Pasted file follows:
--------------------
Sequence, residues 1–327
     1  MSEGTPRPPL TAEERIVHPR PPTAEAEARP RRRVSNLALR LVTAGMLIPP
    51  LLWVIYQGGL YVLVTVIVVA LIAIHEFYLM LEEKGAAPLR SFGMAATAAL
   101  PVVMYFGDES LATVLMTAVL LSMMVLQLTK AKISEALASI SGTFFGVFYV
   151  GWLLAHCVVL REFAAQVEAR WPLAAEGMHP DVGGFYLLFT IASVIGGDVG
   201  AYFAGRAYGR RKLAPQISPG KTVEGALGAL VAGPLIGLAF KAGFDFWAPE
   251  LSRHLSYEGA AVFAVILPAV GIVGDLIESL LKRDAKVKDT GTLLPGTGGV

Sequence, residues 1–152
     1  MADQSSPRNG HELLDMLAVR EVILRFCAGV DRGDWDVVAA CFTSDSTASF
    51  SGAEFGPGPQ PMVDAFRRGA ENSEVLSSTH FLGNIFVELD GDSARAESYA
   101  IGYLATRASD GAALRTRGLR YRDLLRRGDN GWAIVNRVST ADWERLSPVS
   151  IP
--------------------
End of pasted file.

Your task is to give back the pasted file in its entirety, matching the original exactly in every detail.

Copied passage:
Sequence, residues 1–327
     1  MSEGTPRPPL TAEERIVHPR PPTAEAEARP RRRVSNLALR LVTAGMLIPP
    51  LLWVIYQGGL YVLVTVIVVA LIAIHEFYLM LEEKGAAPLR SFGMAATAAL
   101  PVVMYFGDES LATVLMTAVL LSMMVLQLTK AKISEALASI SGTFFGVFYV
   151  GWLLAHCVVL REFAAQVEAR WPLAAEGMHP DVGGFYLLFT IASVIGGDVG
   201  AYFAGRAYGR RKLAPQISPG KTVEGALGAL VAGPLIGLAF KAGFDFWAPE
   251  LSRHLSYEGA AVFAVILPAV GIVGDLIESL LKRDAKVKDT GTLLPGTGGV

Sequence, residues 1–152
     1  MADQSSPRNG HELLDMLAVR EVILRFCAGV DRGDWDVVAA CFTSDSTASF
    51  SGAEFGPGPQ PMVDAFRRGA ENSEVLSSTH FLGNIFVELD GDSARAESYA
   101  IGYLATRASD GAALRTRGLR YRDLLRRGDN GWAIVNRVST ADWERLSPVS
   151  IP